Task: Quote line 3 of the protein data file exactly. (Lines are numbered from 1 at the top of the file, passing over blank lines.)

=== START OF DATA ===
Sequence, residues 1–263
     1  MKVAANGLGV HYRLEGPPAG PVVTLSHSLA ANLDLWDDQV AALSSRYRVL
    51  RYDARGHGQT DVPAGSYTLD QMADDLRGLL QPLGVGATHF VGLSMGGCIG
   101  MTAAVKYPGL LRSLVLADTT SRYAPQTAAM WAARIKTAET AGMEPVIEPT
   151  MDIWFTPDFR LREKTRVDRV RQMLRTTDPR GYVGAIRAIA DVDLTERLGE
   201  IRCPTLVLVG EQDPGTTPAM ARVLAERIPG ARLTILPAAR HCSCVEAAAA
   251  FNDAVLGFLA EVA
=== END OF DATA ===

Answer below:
    51  RYDARGHGQT DVPAGSYTLD QMADDLRGLL QPLGVGATHF VGLSMGGCIG